Missoula, MT (KGVO-AM News) - Montana Governor Greg Gianforte was in Missoula on Wednesday to point out the importance of housing reform for the state, by visiting a just completed apartment complex on Bickford Street, developed by former city councilor and state legislator Adam Hertz.

After taking a brief tour, Gianforte provided the lopsided statistics of housing supply and demand.

Gianforte Urges Higher-Density Residential Building Projects

“Over the last 12 years, we've seen population growth of 10 percent, however, new housing units have only gone up by 7% percent,” began Gianforte. “This has created a supply problem and just very simply, demand is outstripping supply. That's why we have such a shortage. This is really a bipartisan issue. We may not agree on everything but we all believe we need more housing units and housing to be more affordable.”

Addressing Hertz, Gianforte urged the legislature to change its approach to approving such projects and making the process less cumbersome and expensive.

Gianforte said the Only Way to Decrease Price is to Increase Housing Supply

“Projects like this, thank you, Adam, are one way we're achieving that,” he said. “By increasing supply we will ultimately make housing more affordable and more attainable for Montanans. To address this challenge we can't just keep doing the same thing and expecting different results. The state can't, local government can't. We must change our approach. And I'm urging the legislature to act on the various proposals that have in front of them so we can get moving and get some more housing units built.”

Ward 6 Missoula City Councilor Sandra Vasecka shared her family’s story of trying to purchase a home in Missoula.

“It's basic economics, supply, and demand,” said Vasecka. “That explains why housing costs are out of control. My family, like many Missoula families, is in the same boat of trying to move up the economic ladder and purchase our first home. When my husband and I got married in 2018, we made the mistake of saying, ‘Oh, we don't need to buy a house right away. We can wait’, and then COVID happened and all the housing prices skyrocketed up. Hopefully, the government will learn that reducing regulations and not increasing red tape will help Montanans thrive.”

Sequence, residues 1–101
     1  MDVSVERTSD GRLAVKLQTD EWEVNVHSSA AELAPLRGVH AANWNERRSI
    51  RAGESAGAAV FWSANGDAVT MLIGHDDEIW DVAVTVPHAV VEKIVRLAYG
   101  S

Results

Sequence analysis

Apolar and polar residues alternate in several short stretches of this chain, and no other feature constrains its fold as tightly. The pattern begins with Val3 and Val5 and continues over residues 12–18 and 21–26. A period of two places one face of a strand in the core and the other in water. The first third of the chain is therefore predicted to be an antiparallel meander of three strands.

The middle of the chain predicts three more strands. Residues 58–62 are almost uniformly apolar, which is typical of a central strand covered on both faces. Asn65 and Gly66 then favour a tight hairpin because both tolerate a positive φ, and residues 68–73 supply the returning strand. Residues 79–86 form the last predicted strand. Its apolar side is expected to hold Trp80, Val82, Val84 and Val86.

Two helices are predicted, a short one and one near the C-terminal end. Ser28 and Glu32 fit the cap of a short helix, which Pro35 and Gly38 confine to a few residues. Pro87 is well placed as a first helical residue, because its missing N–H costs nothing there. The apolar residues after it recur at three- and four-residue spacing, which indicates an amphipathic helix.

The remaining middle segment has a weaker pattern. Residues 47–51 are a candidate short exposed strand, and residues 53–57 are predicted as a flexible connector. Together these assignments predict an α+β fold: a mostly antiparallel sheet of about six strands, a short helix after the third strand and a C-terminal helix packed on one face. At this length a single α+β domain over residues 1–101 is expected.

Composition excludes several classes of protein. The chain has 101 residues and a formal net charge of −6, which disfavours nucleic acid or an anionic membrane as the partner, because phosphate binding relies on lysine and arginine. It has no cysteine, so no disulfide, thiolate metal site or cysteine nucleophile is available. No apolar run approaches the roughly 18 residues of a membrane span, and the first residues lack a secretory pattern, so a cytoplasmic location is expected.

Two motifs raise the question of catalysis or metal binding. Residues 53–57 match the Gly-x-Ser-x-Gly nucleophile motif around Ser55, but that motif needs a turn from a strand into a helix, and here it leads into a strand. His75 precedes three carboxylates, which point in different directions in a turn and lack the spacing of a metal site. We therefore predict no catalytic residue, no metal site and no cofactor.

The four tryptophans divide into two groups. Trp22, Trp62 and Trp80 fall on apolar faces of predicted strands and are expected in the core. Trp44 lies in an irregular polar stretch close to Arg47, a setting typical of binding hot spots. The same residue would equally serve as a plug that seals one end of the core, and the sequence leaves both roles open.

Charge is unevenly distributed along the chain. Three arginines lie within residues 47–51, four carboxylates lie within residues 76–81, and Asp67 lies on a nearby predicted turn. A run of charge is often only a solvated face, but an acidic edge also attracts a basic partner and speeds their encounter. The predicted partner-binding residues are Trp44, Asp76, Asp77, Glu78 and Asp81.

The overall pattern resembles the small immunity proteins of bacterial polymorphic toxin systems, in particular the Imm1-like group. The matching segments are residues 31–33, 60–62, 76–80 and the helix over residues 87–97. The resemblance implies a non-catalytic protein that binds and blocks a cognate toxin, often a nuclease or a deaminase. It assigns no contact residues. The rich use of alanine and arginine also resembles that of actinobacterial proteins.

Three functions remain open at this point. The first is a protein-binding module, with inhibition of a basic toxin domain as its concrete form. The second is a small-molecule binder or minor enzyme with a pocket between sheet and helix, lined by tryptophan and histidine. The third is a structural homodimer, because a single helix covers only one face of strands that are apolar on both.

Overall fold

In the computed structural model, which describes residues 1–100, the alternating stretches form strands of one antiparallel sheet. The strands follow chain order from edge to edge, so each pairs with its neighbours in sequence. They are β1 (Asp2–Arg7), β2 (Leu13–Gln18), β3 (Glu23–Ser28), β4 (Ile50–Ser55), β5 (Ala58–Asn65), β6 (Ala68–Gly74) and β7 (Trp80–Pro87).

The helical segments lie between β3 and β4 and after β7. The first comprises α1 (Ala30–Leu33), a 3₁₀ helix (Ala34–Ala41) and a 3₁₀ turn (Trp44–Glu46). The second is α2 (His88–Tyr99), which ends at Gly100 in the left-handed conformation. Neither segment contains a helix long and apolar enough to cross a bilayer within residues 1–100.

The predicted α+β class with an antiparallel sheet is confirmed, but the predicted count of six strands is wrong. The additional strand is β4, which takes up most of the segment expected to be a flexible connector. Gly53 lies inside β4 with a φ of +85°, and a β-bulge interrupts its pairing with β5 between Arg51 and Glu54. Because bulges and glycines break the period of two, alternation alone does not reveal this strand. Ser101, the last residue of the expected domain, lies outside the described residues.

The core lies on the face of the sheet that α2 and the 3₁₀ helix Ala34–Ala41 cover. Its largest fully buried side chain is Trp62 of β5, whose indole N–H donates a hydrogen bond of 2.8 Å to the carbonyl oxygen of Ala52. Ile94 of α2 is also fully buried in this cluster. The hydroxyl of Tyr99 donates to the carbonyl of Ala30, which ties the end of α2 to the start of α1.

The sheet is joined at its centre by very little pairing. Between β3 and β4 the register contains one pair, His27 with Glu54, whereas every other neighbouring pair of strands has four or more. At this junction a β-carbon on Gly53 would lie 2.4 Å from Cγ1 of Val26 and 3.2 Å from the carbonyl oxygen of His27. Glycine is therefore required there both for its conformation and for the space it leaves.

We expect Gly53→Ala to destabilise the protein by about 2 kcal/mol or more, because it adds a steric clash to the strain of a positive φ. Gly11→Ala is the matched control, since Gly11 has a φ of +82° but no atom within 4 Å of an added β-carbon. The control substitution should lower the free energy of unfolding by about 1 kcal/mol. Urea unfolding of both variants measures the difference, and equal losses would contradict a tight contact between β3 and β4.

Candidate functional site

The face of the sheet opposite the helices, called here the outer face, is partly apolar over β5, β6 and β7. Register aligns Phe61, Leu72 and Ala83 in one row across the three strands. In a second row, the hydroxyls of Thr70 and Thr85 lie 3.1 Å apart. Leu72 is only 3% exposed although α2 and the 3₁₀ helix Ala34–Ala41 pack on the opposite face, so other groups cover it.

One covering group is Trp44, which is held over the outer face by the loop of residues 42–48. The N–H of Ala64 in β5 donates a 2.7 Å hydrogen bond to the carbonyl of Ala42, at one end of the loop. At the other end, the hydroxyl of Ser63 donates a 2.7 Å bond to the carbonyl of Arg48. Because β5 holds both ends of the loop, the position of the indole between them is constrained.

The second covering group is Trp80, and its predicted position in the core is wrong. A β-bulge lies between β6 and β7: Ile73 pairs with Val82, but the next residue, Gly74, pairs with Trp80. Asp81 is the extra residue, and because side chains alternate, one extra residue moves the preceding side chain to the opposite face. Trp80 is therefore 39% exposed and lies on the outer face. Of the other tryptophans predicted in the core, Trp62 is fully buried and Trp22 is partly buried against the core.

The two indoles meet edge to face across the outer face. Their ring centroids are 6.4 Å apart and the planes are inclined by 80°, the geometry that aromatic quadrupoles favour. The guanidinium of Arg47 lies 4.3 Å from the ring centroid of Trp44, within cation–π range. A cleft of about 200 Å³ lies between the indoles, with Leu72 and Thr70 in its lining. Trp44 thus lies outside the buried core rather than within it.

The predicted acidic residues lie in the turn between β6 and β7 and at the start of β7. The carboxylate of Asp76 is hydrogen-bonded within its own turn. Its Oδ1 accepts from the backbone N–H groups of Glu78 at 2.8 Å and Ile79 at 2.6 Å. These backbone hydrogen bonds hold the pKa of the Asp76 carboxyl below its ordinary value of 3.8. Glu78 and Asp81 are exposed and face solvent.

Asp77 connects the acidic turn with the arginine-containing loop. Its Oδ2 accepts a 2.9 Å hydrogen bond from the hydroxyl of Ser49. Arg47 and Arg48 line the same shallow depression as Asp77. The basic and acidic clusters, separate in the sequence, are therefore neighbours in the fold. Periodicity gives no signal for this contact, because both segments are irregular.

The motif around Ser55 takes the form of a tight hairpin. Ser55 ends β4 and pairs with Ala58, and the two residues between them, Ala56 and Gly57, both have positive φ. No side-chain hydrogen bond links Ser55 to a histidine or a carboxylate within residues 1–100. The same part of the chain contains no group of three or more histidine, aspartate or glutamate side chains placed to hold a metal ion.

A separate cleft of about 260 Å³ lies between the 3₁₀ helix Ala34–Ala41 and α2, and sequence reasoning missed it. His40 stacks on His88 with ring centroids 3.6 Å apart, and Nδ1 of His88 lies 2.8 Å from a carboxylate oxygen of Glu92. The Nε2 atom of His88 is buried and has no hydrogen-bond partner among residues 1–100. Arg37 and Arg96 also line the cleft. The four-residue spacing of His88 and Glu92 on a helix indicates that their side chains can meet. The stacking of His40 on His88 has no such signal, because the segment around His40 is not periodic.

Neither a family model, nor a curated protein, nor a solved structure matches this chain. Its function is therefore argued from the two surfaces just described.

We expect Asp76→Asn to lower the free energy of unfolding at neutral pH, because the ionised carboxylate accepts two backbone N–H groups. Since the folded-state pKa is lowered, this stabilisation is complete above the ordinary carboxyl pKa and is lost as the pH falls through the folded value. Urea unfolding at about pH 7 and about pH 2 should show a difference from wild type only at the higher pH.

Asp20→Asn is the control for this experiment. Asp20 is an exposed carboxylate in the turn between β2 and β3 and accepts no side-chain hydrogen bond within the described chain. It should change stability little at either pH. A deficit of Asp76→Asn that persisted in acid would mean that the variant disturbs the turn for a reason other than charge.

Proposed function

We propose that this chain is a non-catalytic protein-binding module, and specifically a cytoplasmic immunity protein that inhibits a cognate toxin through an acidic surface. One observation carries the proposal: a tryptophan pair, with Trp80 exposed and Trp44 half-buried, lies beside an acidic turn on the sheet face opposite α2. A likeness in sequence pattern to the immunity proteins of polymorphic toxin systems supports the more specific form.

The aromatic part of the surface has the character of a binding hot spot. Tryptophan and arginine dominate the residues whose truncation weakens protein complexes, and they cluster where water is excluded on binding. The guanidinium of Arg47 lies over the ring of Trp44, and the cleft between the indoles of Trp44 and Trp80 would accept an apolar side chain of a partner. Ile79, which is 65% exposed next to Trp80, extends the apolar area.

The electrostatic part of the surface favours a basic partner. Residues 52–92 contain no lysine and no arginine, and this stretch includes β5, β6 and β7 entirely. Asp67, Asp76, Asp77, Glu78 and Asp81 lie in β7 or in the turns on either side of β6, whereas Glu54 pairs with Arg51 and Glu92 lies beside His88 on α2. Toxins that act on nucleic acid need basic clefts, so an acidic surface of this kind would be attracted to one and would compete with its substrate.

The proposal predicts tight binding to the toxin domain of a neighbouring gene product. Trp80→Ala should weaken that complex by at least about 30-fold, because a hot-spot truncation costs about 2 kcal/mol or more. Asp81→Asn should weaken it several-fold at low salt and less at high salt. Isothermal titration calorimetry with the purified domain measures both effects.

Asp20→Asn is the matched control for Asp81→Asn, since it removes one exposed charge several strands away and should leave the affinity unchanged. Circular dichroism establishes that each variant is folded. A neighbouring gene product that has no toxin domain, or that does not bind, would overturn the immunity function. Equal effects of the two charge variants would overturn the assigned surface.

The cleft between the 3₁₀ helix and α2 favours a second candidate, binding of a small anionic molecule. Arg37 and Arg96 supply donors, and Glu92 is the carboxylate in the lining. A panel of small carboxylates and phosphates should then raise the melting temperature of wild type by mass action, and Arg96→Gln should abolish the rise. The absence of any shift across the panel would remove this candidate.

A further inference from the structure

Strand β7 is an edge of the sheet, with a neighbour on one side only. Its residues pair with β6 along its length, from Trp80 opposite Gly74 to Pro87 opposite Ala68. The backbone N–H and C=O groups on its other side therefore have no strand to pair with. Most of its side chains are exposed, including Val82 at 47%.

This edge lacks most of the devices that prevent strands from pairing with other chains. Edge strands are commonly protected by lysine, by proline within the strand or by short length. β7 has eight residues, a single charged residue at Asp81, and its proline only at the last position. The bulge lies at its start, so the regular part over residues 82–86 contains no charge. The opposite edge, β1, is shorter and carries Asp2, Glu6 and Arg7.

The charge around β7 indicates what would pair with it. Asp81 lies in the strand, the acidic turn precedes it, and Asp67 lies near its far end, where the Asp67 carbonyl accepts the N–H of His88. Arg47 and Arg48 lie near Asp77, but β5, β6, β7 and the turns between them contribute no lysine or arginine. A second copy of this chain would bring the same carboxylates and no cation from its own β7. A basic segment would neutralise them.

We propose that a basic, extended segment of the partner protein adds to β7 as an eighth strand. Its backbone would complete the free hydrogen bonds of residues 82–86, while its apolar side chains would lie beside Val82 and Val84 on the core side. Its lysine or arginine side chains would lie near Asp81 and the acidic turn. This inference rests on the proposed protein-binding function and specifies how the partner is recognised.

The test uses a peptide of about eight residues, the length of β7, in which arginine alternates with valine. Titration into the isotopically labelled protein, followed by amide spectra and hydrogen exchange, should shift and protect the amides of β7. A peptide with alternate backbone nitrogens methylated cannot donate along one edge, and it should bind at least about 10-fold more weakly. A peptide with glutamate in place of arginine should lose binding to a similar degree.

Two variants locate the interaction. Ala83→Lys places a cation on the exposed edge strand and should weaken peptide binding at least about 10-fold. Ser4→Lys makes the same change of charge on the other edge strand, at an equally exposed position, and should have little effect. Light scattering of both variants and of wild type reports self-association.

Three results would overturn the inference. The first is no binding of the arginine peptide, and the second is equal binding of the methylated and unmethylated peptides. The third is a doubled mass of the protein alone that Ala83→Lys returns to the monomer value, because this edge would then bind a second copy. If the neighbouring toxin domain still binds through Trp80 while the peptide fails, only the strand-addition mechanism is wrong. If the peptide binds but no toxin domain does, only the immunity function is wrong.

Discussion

Delays Increased the Cost of Hertz' Apartments by $50,000 per Unit

Hertz, a member of the Governor’s Housing Task Force, shared some of the hard facts of how delays drastically increased the price and therefore the rents at his new apartment complex.

“Part of it was a time frame issue,” said Hertz. “We purchased the land in late 2020, certainly hoping to break ground on it in 2021. Due to permitting, we weren't able to break ground until the spring of 2022. We finished it in the winter of 2023. In that time frame, building costs increased by about $50,000 per unit. So on a project like this, we spent $700,000, and that's a big significant increase. At the time, we saw rents skyrocket, so we were still able to make it work. And that's part of the reason why rents did skyrocket. These projects wouldn't have been able to happen if they didn't. So there were big changes in the last few years and hopefully, we can mitigate some of that through zoning reform.”

The governor has called on the legislature to send pro-housing reform bills to his desk and urged local and county governments to prioritize zoning reform.

LOOK: This is where homes are selling the fastest right now

Stacker compiled a list of the metros where houses are selling the fastest, according to data from Redfin.

LOOK: The 25 least expensive states to live in

Here are the top 25 states with the lowest cost of living in 2022, using data Stacker culled from the Council for Community and Economic Research.

More From Montana Talks